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Powerline Blog
Power Line
1 Apr 2023
John Hinderaker


NextImg:Tied Up In Knots

When it came out that Audrey Hale was transgender, news outlets fell over themselves in their eagerness to refer to her as “him.” But CBS News has followed a different path. Executives at CBS have barred reporters from saying that Hale was transgender, or thought she was, or aspired to be:

“The shooter’s gender identity has not been confirmed by CBS News,” the network’s executives insisted in a Tuesday memo obtained by The Post. “As such, we should avoid any mention of it as it has no known relevance to the crime. Should that change, we can and will revisit.”

The instruction came directly from the top:

The CBS News directive was delivered on a Tuesday morning editorial call by Ingrid Ciprian-Matthews, the executive vice president of newsgathering, and Claudia Milne, the senior vice president of standards and practices, according to sources close to the Tiffany Network.

“Right now we advise saying: POLICE IDENTIFIED THE SUSPECT AS A 28-YEAR-OLD AUDREY HALE, WHO [sic] THEY SHOT AND KILLED AT THE SCENE,” the Tuesday memo said. “And move on to focus on other important points of the investigation, community and solutions.

I suppose “solutions” means gun control.

It seems clear that CBS News’s position is based on a desire to avoid reflecting badly on transgenders, a favored political class in the CBS hierarchy:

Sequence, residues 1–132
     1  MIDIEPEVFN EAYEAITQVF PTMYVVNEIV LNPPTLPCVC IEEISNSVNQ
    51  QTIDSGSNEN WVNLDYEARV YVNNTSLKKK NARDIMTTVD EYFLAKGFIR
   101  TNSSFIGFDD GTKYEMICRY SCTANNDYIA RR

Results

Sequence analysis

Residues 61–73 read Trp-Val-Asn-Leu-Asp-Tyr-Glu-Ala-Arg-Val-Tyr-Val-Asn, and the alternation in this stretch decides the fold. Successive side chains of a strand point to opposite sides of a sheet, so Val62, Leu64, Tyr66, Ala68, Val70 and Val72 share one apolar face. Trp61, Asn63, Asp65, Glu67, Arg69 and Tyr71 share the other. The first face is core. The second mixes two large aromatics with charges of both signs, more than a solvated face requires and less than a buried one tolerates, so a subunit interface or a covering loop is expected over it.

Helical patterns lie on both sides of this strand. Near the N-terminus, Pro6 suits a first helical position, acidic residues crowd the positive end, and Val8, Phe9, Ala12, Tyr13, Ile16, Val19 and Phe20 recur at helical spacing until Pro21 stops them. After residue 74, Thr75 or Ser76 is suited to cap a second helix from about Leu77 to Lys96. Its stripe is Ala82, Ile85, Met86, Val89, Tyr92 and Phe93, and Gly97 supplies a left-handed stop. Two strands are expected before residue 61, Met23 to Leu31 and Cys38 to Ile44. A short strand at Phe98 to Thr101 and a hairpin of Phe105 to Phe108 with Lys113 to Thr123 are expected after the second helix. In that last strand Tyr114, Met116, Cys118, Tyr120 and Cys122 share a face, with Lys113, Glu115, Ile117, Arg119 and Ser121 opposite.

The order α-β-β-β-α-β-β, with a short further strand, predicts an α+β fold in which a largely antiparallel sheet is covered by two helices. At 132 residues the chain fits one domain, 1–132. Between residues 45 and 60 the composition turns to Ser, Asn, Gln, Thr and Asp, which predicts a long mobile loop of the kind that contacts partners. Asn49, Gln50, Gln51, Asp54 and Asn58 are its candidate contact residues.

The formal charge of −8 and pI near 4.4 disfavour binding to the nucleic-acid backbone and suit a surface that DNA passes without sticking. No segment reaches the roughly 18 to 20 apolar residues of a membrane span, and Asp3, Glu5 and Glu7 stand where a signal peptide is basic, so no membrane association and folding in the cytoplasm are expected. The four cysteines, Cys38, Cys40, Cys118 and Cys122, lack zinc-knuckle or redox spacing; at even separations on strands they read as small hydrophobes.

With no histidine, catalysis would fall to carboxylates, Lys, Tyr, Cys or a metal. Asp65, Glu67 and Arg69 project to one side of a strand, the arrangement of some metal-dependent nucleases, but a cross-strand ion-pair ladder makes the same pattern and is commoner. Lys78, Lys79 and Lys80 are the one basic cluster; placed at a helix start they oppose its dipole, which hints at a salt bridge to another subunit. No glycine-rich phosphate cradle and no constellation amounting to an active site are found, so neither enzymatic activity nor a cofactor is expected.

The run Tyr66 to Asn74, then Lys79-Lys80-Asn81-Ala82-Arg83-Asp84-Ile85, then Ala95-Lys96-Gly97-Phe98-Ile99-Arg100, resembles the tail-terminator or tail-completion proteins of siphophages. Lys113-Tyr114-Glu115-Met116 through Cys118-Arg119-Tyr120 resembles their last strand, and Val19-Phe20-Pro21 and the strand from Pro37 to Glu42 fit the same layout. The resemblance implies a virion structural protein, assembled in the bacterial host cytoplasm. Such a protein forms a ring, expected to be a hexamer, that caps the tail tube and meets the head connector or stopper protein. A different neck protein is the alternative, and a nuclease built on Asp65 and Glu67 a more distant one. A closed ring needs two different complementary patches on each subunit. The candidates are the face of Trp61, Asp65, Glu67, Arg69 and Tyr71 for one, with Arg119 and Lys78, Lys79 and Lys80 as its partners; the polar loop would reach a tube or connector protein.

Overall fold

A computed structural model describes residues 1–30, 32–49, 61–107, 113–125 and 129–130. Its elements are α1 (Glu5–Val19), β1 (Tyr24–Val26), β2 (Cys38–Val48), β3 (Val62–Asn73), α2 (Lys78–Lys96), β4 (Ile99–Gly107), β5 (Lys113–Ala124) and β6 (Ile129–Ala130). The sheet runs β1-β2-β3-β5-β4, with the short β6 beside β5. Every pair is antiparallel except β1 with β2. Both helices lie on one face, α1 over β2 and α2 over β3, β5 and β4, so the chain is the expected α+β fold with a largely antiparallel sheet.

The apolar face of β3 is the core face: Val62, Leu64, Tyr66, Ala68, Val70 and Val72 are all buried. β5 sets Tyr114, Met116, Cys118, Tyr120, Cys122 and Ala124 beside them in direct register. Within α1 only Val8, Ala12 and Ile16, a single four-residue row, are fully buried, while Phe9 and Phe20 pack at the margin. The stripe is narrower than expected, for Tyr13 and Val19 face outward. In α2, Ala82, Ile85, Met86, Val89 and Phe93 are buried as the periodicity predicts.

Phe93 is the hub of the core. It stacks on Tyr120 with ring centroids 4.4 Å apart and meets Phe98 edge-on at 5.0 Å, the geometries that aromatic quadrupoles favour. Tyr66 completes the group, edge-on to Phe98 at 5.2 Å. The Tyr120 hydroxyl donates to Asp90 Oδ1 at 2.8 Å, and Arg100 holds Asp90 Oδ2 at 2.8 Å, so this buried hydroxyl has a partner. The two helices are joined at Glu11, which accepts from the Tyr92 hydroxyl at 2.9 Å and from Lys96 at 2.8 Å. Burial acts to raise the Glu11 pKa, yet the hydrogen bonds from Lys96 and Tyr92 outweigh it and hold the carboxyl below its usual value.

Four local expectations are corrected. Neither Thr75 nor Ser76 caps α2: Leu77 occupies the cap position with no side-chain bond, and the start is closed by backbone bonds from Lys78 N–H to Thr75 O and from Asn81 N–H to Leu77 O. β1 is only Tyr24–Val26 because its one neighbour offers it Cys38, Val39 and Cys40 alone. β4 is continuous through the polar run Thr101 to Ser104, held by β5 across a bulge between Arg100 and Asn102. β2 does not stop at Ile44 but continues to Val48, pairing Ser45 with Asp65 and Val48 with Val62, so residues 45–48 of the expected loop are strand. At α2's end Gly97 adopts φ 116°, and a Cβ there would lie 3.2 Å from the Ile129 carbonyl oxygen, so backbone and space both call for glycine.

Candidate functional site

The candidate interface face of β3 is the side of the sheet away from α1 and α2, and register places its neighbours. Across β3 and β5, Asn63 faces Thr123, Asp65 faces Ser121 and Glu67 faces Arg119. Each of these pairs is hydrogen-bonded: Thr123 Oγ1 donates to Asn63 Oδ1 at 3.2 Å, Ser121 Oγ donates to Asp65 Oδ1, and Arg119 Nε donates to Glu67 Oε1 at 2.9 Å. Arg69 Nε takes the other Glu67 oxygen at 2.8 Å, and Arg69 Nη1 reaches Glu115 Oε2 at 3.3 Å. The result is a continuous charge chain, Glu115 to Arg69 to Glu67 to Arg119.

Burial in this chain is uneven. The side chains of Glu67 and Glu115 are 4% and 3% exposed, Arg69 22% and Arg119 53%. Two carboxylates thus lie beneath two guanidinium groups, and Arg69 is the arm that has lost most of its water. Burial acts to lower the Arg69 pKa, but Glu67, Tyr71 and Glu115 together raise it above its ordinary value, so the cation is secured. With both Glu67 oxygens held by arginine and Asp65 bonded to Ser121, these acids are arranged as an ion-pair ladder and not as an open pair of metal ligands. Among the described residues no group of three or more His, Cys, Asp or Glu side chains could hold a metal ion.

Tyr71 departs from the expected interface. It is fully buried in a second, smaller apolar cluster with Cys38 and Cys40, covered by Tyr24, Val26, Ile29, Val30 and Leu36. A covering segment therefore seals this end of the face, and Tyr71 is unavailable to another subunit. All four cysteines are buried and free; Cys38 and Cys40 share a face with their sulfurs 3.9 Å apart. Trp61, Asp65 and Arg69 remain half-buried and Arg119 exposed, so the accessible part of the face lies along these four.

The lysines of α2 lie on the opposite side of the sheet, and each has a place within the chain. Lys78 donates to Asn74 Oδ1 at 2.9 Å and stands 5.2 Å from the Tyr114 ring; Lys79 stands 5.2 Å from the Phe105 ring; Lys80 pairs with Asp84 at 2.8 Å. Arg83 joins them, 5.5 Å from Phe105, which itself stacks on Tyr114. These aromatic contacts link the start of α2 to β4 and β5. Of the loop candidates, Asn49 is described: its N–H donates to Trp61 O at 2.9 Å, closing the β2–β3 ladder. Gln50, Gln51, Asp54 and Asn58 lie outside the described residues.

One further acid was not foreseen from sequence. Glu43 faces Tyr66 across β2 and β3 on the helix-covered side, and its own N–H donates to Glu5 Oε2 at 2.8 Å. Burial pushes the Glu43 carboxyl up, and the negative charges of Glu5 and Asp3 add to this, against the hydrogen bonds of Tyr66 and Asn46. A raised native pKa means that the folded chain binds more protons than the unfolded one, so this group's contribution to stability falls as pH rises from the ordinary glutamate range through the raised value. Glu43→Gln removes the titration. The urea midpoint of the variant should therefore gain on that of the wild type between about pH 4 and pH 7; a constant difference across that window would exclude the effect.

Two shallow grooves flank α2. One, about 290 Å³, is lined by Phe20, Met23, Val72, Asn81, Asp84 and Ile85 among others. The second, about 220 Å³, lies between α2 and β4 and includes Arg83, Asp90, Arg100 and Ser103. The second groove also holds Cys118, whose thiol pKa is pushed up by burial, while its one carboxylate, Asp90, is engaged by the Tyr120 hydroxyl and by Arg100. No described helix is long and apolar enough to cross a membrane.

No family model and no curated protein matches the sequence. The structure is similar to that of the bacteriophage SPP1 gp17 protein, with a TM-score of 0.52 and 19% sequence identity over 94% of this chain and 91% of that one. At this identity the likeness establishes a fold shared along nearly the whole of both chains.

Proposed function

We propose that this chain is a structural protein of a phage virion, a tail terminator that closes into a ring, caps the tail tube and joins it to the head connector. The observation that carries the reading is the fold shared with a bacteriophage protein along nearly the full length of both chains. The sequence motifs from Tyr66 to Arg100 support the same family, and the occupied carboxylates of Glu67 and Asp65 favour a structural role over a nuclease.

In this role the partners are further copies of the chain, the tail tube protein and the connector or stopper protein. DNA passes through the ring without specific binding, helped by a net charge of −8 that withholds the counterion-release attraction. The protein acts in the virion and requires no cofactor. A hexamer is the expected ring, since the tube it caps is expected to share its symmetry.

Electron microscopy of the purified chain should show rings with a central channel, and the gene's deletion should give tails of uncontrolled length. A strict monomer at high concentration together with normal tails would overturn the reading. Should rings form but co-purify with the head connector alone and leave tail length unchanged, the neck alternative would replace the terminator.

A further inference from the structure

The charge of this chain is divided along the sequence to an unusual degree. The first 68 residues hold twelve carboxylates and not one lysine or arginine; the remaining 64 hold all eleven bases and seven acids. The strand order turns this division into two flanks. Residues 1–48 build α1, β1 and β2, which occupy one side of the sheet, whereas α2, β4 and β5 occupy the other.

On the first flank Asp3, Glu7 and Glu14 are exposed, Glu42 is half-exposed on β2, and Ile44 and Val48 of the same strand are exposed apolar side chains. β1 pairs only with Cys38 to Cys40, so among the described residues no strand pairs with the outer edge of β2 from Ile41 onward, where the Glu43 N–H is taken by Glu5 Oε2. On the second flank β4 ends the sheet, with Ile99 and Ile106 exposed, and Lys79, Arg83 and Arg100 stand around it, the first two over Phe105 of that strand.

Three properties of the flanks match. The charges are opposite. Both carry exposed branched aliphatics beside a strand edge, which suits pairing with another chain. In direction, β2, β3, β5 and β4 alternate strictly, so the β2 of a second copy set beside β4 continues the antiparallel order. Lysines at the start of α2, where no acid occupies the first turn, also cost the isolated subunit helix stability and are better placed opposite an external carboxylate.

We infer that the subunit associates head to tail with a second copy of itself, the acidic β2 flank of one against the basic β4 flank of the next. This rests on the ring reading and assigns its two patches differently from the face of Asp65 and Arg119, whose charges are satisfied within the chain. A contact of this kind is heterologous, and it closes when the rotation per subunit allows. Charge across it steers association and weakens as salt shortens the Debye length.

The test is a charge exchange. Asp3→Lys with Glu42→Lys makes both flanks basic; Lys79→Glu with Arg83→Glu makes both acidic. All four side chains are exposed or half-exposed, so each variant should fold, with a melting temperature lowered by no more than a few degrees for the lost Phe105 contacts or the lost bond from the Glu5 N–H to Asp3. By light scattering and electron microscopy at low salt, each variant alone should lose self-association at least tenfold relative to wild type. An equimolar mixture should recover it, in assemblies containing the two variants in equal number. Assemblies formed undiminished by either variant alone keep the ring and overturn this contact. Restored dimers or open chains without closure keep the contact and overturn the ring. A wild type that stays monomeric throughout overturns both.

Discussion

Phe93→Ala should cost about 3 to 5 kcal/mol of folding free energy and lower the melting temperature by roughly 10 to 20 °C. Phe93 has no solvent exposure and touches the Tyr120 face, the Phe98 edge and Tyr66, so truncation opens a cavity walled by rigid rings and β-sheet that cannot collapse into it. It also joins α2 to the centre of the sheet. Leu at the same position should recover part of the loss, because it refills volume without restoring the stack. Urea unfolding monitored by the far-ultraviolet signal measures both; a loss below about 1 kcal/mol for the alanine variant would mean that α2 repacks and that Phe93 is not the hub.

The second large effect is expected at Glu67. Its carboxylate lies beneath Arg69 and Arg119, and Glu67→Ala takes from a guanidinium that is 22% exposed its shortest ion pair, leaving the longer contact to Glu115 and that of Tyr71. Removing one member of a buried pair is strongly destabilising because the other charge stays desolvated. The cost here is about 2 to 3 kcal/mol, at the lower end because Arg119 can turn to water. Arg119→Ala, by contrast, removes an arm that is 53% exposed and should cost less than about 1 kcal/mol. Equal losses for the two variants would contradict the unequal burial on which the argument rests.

“This is absurd because the police identified Hale as transgender,” a CBS insider said. “If the cops didn’t address it, maybe you could avoid it, but withholding information is not journalism.”

If you hadn’t noticed, TV news has nothing to do with journalism.

“Are we communicating to our readers and viewers that they cannot handle the basic facts of the case?” the source added.

Yes.

“You can’t avoid who this person is,” the source said, before turning to Ciprian-Matthews and Milne. “This is not an editorial decision. They made a judgment based on personal feelings.”

Most of the judgments liberals make are based on personal feelings. Still, I have a certain amount of sympathy for CBS’s position. I, too, would refer to Hale as “she” rather than “he,” although it sounds like CBS is avoiding pronouns altogether. Most interesting, perhaps, is the fact that CBS’s executives say they are waiting to see Hale’s “manifesto” before deciding whether her sexual confusion played a part in her murderous rampage. On that point, I agree.